It’s been 10 years since I began working with the Great Canadian Shoreline Cleanup and in that time I’ve worn many different hats and experienced phenomenal changes. But first, let’s go back to the very beginning — to 1994 when a group of staff from the Vancouver Aquarium ventured down to their local shoreline to pick up trash. In the years to follow, Canadians from other provinces and territories wanted to get in on the action and it didn’t take long before we were a national program. To keep the national momentum of the program growing, an office in Toronto was established and that’s where my story begins.

The most striking thing I’ve noticed when looking back on 10 years is what didn’t exist back in 2006.

  • Social Media: A tweet? That’s the sound a bird makes (trust me on this, I love birds). Now, it’s one of our favourite ways to interact with our phenomenal volunteers while sharing marine debris trends and innovations in waste prevention. You can follow us @cleanshorelines (or on Facebook and Instagram).
  • A registration map: Could you imagine registering for a cleanup from a long list of locations on the website without the help of a map? I couldn’t either, but somehow we managed. Now, you can search our online map and pick an available location or even suggest a brand new area to clean.
Susan Debrecini (middle) celebrates 10 years with the Great Canadian Shoreline Cleanup in eastern Canada.

Susan Debreceni (middle) celebrates 10 years with the Great Canadian Shoreline Cleanup in eastern Canada.

  • Year-round cleanups: Back in the “old days,” cleanups were held during a single week in September. This was to coincide with the Ocean Conservancy’s International Coastal Cleanup — a global event on the 3rd Saturday of every September. Can you believe that? Only seven days out of 365. Today, we still participate in this global event but also encourage cleanups to take place year-round.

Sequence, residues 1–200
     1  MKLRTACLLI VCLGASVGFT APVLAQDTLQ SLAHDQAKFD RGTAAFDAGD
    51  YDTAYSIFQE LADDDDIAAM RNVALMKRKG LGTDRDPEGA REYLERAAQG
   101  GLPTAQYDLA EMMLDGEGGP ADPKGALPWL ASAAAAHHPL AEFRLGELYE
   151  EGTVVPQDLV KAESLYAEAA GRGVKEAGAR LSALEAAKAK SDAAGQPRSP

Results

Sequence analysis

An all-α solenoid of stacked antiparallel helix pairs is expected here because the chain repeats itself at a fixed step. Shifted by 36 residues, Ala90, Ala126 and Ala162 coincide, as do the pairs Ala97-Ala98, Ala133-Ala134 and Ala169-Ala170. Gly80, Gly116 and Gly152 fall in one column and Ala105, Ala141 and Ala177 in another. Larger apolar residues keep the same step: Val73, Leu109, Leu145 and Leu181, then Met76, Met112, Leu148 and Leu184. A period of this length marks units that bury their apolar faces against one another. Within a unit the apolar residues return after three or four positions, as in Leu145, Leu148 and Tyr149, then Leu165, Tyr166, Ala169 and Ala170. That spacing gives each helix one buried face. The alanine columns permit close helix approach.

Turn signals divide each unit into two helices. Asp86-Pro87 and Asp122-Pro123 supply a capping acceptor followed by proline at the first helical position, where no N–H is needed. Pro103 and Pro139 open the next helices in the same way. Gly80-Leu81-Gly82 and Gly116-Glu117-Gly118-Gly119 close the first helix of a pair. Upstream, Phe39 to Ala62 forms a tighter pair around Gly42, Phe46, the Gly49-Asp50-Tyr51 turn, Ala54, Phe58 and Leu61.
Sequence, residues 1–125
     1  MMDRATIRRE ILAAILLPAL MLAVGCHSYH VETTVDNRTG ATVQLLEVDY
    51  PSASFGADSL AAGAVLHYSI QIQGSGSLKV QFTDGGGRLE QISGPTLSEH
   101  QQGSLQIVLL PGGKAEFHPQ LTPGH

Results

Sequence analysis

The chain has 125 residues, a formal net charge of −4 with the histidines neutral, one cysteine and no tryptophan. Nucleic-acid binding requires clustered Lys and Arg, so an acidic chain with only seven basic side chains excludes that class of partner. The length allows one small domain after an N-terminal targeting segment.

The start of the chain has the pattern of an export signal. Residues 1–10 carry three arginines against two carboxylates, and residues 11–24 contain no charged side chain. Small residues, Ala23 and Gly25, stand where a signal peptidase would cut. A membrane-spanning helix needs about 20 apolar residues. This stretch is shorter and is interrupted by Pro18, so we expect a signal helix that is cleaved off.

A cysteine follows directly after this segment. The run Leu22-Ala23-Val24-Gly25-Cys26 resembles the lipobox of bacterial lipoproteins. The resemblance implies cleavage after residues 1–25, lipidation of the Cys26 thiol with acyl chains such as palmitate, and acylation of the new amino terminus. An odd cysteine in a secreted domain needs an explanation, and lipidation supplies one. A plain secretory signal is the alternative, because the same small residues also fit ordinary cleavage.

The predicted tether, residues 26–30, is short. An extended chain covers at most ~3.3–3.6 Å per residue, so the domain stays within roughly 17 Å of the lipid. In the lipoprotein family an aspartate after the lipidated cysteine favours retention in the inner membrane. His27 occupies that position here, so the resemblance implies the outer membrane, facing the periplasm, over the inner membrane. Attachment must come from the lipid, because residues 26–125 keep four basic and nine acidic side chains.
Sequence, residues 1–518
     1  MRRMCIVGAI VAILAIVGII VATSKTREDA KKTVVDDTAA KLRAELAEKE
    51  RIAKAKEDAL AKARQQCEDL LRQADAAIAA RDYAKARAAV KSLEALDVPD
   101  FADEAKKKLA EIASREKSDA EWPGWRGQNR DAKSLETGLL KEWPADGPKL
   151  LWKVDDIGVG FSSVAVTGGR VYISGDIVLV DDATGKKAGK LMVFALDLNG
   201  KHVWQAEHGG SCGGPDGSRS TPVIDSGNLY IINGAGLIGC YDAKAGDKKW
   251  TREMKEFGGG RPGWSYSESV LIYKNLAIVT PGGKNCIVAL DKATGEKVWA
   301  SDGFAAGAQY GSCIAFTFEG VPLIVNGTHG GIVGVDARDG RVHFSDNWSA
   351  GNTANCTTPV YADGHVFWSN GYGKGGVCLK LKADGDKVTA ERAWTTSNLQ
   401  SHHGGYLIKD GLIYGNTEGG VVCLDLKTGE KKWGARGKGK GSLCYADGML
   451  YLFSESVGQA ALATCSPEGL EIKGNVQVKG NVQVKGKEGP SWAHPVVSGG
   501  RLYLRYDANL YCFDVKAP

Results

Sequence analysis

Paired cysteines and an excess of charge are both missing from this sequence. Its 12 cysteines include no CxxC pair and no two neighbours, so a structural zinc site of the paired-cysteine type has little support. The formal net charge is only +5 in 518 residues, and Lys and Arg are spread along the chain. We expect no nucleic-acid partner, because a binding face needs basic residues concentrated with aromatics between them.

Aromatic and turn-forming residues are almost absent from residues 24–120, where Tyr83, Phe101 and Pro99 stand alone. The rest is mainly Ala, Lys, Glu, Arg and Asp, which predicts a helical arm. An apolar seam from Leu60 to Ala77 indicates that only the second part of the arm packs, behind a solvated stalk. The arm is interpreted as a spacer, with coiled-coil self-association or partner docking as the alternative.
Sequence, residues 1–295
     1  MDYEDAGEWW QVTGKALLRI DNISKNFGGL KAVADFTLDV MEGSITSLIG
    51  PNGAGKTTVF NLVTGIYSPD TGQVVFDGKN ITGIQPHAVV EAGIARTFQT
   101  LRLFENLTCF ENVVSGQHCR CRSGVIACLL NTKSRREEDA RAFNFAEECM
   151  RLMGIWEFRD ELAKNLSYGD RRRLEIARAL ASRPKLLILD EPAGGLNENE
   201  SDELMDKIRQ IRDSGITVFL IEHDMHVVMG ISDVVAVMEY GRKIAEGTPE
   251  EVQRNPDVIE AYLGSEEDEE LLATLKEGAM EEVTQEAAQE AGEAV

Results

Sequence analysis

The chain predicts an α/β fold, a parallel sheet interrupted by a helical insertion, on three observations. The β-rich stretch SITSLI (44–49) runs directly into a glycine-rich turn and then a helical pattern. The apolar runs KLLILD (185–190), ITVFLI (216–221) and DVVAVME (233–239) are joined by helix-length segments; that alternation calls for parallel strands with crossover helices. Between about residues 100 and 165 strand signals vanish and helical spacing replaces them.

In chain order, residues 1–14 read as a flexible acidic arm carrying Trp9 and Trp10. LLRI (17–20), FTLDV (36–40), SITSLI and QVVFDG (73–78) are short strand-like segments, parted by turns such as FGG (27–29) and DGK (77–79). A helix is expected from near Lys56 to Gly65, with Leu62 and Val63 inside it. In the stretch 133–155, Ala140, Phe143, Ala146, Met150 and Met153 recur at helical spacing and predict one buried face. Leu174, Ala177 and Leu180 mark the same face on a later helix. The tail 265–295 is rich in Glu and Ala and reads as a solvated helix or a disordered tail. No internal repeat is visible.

• 60,000+ volunteers: You read that right — we have more than 60,000 cleanup volunteers cleaning their shorelines annually and that number is growing. This is what I’m most proud of, and it’s my dream to have a Canada-wide tour to meet each and every one of them.
Shoreline cleanup at Woodbine beach, Toronto in 2007.

Shoreline cleanup at Woodbine beach, Toronto in 2007.

  • Microplastics: This is a tough one to think back on. I still remember hearing about the pacific gyre, and because of the headlines calling it a “Great Pacific Garbage Patch” around the “same size as Texas,” I pictured floating masses of trash in the ocean. We now know so much more about ocean gyres and the trash that accumulates, including microplastics. There is still a lot we don’t know and will continue to research until we do. Thankfully in the meantime, cleanup volunteers are ensuring litter is removed from the shoreline before it gets the chance to breakdown.

There’s a saying that goes, “the more things change, the more things say the same,” but I have to disagree. Just look at the list above, The Shoreline Cleanup has undergone so many changes over the years and as a result there is less trash on our shorelines — proof that things are changing. Shoreline cleanups will always be an important action and we now have the great pleasure of hearing from volunteers about how the location they used to clean isn’t dirty enough anymore. Not a bad problem to have, if you ask me.

By Susan Debreceni, outreach specialist, Great Canadian Shoreline Cleanup.

The Great Canadian Shoreline Cleanup, presented by Loblaw Companies Limited and supported by Ricoh Canada and YVR, is a joint conservation initiative of the Vancouver Aquarium and WWF-Canada. Find out more at www.shorelinecleanup.ca

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